So, when I joined my B school where I met the most educated and smartest (or with 2nd rung of smartness because smartest were in IIMs already) men and women I was shocked at the regressive attitudes. This was in Manipal- where life can be cooler than a government engineering college in A’bad.

– The first day of college. A very strict professor who is now the dean was inducting us. Women asked- ‘Is there a dress code?’. He said ‘If it was upto me, I would want women to dress in sarees but it’s not upto me so you can wear what ever’. That made me cringe. What kind of a person is this man? And that set the tone for the next 2 horrifying years of my life.

– I will never forget this ragging. We were ragged in engineering too and it pissed me off. I went along with it only when AM came to my room and requested me (do you remember that, AM?). But the ragging in B school was a whole new level of chutiya giri. The senior women wanted the youngest women and most likely, the virgin ones, to enact a rape scene. It was demeaning and sad. A rape scene? Did these women have any idea what rape even is? The girls did it and were completely shaken up after. That’s when I protested. I threatened to complain to the authorities. It spread all over the college. But nobody supported me. I don’t know why. I think it did scare the seniors because some conciliatory noises were made, the student body had a talk with me and asked me to let it go. And so I did. You know what’s the worst part about speaking up? The loneliness. Because you are invariably alone out there. It makes you want to give up. After all, I wasn’t made to do anything derogatory in the ragging. Why should I care and stick my neck out?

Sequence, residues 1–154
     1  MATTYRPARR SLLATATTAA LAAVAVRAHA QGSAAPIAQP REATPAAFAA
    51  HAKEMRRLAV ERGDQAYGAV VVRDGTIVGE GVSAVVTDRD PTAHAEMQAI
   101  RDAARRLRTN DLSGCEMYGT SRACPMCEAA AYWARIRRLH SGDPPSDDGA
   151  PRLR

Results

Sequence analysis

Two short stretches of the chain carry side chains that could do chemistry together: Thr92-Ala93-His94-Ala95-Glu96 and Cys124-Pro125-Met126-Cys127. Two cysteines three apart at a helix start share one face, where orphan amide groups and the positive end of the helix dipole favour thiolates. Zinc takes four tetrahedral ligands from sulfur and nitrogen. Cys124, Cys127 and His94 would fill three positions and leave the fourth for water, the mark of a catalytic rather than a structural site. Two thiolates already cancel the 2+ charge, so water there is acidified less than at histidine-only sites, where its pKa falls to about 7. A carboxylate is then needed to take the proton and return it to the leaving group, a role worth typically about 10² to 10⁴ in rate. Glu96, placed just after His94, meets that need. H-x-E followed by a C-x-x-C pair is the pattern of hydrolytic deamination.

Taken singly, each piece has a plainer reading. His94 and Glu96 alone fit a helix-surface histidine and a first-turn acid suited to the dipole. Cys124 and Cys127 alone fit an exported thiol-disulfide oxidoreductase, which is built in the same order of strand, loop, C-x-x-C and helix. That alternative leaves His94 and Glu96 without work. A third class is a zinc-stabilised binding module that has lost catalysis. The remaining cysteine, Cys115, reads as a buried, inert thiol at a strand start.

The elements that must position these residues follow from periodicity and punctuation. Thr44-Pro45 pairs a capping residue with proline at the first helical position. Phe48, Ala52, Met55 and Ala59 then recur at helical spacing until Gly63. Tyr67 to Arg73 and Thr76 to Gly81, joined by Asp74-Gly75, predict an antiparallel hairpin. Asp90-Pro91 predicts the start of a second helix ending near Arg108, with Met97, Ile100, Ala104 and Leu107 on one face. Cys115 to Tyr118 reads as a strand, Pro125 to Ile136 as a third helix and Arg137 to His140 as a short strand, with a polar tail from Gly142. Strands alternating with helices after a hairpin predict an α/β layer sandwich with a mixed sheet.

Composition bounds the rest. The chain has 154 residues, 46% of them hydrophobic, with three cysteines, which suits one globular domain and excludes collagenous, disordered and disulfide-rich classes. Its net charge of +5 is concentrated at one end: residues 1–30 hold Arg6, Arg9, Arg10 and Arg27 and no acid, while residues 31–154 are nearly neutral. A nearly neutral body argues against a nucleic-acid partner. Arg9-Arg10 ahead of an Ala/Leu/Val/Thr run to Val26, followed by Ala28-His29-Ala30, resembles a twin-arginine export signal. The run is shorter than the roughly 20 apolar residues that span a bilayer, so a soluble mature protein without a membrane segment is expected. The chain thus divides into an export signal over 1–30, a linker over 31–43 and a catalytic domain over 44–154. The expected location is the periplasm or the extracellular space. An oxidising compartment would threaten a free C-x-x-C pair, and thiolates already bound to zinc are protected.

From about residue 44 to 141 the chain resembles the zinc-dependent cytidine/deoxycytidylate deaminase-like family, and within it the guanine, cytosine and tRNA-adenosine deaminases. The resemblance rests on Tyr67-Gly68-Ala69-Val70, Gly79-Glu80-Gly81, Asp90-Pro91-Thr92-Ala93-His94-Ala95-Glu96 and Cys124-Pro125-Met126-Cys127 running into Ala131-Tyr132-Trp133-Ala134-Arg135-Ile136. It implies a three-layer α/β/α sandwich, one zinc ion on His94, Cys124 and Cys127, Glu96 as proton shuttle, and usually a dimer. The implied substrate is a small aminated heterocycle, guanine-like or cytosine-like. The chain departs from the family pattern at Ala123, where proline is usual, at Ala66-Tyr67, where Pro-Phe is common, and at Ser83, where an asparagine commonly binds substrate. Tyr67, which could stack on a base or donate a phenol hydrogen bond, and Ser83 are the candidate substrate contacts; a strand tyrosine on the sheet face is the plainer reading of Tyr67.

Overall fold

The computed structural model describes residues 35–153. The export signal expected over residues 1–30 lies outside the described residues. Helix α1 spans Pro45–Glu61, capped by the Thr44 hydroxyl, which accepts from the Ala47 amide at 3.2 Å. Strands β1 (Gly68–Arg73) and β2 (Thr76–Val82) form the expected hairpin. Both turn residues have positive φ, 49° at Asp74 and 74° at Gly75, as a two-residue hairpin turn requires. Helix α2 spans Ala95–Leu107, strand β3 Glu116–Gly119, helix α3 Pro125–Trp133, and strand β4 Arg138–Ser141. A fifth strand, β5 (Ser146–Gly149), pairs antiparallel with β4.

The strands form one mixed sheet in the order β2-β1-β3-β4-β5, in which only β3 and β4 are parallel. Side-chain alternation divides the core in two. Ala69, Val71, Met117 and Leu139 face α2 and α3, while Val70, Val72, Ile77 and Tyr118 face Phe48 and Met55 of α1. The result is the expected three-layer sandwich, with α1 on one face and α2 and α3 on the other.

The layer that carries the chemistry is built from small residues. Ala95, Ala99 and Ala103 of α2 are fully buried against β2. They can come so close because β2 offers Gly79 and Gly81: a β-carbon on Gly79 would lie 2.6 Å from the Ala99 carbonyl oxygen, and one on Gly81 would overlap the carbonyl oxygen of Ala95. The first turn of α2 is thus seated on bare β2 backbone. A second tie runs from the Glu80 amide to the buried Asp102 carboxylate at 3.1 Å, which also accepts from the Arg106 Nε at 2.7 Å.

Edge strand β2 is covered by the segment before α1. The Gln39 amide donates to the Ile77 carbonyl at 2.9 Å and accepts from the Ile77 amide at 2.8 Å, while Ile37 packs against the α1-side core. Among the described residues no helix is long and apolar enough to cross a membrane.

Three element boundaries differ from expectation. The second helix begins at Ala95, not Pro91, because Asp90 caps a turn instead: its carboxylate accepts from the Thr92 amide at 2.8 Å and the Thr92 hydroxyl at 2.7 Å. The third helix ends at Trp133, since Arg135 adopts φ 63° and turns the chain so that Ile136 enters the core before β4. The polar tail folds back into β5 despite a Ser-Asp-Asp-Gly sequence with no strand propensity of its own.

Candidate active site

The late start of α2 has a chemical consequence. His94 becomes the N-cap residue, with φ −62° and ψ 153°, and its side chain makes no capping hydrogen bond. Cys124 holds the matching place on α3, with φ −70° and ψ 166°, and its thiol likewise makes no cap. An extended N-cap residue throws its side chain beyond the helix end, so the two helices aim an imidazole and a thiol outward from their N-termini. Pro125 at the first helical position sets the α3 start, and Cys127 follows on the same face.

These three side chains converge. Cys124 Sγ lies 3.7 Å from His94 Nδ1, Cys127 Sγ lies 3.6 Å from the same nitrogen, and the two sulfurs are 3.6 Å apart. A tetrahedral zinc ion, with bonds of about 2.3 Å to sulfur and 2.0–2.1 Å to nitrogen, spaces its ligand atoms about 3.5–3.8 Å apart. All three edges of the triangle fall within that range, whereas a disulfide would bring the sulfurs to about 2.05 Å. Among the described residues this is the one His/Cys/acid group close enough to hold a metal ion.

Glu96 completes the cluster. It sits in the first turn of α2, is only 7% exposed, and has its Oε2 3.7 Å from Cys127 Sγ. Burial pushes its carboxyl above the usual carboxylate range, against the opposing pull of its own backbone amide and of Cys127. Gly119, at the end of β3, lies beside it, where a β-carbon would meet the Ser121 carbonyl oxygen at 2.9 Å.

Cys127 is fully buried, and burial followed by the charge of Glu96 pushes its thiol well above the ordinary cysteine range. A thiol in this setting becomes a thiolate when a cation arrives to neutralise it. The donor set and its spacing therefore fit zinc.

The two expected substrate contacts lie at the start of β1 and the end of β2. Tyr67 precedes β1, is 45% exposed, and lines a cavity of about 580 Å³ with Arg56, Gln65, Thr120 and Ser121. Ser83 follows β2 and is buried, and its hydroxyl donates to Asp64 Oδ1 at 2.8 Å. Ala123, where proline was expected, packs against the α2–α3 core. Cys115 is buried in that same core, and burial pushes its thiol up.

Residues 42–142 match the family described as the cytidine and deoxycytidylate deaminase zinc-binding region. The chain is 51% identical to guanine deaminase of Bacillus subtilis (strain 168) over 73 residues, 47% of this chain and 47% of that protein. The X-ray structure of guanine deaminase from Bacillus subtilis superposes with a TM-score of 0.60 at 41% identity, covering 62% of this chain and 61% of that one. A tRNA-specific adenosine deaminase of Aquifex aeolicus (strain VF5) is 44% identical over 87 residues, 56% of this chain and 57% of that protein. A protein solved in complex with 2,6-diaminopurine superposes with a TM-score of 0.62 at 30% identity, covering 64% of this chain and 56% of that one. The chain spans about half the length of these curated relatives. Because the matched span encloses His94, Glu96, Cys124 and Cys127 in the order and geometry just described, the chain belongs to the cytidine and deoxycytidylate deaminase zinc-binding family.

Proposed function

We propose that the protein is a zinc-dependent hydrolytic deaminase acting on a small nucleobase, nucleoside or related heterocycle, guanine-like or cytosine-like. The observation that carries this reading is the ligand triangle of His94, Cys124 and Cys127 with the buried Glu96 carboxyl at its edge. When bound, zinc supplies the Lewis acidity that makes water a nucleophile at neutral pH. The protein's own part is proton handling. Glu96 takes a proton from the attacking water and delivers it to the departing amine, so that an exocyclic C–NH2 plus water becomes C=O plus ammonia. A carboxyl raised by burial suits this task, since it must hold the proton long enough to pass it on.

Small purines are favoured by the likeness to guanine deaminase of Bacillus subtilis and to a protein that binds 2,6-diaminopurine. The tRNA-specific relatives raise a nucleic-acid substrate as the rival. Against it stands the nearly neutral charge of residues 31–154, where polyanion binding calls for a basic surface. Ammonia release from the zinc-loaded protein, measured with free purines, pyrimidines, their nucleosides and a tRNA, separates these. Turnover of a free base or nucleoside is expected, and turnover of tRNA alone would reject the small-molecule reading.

– I loved our parties. I had started drinking for the first time in my life and didn’t have to worry since my friends would ensure I reached the hostel room safe and sound. During one of these parties, a guy- P was shooting the party. I didn’t think much about it and even posed for him with my friend H when H sensed something fishy, went behind the camera and asked him to stop. P left. The next day I heard other girls discussing how they were afraid about what he shot. After all, nobody was thinking clearly while drinking and dancing. I remembered the incident with H and asked what P was shooting. Guess what? He was trying to focus on my boobs when H told him to stop. P was shooting women at the party. I protested. Complained to the student body. What happened? Most women (even the ones who were discussing this earlier) didn’t want to sign the petition. Someone even told me ‘So what if he shot you? Big deal’. The student body president was this P’s friend. So all they did was ban video cameras at the party. I decided to complain to this professor (who is now a dean) and waited outside his room for 2 hours only to find out he is out of town. And then I walked away… with my dignity in tatters because the other women didn’t care enough about theirs.